People, this is full of spoilers, hide your eyes (no, really, there have been some serious strobe light warnings for this film).
This sequel focuses on all the superheroes who have had to go into hiding because their work is illegal. Because they’re illegal. But then there’s a couple good folks (or so we think ) that want to fight for these heroes rights to openly be themselves, openly help society, openly share their skills, openly live without fear of the police and government, etc. Problem is, they’re told over and over again that they aren’t right—that their very personhood is wrong—despite all the good they do and are capable of doing for society.
“Make supers legal again!” (A superheroes advocate screams in The Incredibles 2)
You may know where this is going. As I sat next to my 4.5 year old nephew I couldn’t help but think about the marginalized in our society. Those who have been silenced, ripped away from their parents’ arms, questioned or even killed because of the color of their skin, abused because of their gender identity, secluded because of their sexuality, second-guessed because of their religion, and so much more. Those whose true selves have been oppressed by a society whose obsession with dominance deflates any hope of love.
The good news? The good news is that this is a Disney film and there’s a happy ending. The good news is that this film gives freedom to all the superheroes who have had to be in hiding, so that they can be themselves and help make the world a better place. The good news is there are people who fight for their rights legally, in the government, on the streets, and help get them press and attention for change. The good news is the other is embraced instead of disgraced.
Fear begins when we heed our hesitations towards those different from us, because it’s no doubt a fact that we feel differently when we see/hear/touch/taste/smell something of the unknown. The instinct of the human is to hesitate towards what is different instead of embracing it. But an instinct or reaction doesn’t make something right. Similarly, the unknown is a symbol of God, and the mystery is an opportunity for adoration. Our humanity is far more similar than different, and if our egotistical minds must cling to those similarities we can begin with the fact that we’re all immigrants. Especially as Christians, being called to be not of this world.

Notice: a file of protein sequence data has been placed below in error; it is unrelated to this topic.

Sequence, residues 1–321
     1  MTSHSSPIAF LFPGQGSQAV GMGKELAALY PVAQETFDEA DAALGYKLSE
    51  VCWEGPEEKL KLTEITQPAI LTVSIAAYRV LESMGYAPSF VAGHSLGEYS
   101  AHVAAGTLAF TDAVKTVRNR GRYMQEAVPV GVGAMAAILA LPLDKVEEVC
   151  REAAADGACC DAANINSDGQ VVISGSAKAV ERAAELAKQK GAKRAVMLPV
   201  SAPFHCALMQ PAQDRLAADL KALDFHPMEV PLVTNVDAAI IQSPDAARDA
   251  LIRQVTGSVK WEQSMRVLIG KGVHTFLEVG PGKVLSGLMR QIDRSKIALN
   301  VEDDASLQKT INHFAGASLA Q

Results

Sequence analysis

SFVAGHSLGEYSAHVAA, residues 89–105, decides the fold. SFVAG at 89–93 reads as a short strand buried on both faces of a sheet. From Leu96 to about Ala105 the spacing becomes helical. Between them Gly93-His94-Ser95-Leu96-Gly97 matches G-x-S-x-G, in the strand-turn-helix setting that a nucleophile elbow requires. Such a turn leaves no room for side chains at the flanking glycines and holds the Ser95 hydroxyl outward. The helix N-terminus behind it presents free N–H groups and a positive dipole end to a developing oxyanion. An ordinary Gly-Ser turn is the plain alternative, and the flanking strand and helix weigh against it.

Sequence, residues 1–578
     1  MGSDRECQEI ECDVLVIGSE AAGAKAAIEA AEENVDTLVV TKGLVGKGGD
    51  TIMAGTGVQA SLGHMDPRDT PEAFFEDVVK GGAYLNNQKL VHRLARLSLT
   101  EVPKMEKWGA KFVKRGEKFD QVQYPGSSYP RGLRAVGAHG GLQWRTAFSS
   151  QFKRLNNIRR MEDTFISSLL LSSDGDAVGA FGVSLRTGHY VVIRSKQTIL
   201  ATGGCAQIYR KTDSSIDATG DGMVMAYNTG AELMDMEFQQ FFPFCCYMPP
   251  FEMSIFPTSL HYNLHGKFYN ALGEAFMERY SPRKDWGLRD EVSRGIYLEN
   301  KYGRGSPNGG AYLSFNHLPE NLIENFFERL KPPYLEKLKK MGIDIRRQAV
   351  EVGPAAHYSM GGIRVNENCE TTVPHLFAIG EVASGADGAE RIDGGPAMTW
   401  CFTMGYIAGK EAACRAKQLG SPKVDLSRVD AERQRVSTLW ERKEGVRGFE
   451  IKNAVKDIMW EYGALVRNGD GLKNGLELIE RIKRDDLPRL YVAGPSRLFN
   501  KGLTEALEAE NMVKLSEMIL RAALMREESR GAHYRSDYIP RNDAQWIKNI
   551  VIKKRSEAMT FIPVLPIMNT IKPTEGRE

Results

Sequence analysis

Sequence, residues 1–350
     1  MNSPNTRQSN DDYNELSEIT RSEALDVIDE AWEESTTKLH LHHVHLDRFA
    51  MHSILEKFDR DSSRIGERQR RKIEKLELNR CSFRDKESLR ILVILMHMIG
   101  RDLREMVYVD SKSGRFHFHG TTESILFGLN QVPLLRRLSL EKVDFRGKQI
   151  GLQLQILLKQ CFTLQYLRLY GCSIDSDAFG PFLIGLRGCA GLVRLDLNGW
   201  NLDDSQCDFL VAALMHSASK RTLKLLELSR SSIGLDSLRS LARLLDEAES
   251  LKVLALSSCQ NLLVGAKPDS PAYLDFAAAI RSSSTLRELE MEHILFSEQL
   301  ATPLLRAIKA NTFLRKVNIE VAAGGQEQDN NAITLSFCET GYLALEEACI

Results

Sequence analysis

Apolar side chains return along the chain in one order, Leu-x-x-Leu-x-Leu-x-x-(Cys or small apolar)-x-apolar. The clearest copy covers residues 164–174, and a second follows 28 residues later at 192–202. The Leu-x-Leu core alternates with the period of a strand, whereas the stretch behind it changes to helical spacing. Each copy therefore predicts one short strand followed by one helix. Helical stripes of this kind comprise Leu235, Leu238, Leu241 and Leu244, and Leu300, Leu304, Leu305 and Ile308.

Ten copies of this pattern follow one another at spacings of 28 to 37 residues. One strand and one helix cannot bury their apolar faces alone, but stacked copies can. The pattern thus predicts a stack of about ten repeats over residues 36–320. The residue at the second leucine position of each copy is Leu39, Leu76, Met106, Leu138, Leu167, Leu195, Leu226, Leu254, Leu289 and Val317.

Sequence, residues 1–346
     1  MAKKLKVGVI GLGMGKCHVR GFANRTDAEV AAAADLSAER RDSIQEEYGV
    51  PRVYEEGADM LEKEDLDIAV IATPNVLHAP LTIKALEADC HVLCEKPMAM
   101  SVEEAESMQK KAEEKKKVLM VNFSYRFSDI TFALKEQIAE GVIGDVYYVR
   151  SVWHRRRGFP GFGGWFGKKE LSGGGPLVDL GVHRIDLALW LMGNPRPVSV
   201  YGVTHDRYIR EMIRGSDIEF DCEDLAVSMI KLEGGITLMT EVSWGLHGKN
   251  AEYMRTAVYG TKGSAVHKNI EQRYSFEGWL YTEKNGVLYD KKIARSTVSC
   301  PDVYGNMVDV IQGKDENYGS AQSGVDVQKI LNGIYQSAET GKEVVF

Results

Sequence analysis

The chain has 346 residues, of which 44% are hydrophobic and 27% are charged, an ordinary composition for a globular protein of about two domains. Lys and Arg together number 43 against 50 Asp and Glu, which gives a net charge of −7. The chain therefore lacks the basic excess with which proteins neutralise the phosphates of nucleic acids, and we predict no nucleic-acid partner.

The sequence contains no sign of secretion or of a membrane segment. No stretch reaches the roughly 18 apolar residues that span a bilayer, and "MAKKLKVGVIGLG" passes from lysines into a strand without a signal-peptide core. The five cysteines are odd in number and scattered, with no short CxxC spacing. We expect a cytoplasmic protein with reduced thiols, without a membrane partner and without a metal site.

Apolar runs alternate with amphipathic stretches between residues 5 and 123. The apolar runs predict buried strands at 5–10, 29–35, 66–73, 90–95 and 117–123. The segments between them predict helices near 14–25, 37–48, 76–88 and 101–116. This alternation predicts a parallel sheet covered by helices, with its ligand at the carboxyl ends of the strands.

But much like the movies and real life, there’s a difference between good news and real news. My nephew thought the film was a little scary, and it was. It was action packed and full of exactly what our world looks like today. But it’s also a film that reminds the viewer that there are good people, that truth is possible, that when we work together we can elevate one another, help the oppressed, be our true selves, and let the true superheroes bless our lives with their very presence.
In true Pixar form, the film was indeed hilarious, I only wish it didn’t take another heterosexual white family to get its points across. Sure, there’s the incredible Frozone (my personal favorite) but even he has a sidekick role of sorts.
Alas, being a superhero is about the extraordinary in the seemingly ordinary. The superheroes of my life are those fighting to be themselves. They are the families separated at the border in pursuit of a better life. They are those in the LGBTQ+ communities stepping away from a hidden life. They are friends of other religions like Islam — openly wearing their hijab. They are my black friends showing up day after day in an effort to diminish police discrimination.
What is my role in all this? I believe that it is to also be myself. To listen. To stand up, next to, and near my beloved superheroes. To speak up for their human rights. To be outspoken about the sanctity of their lives. To stand screaming on the streets to let my superheroes free.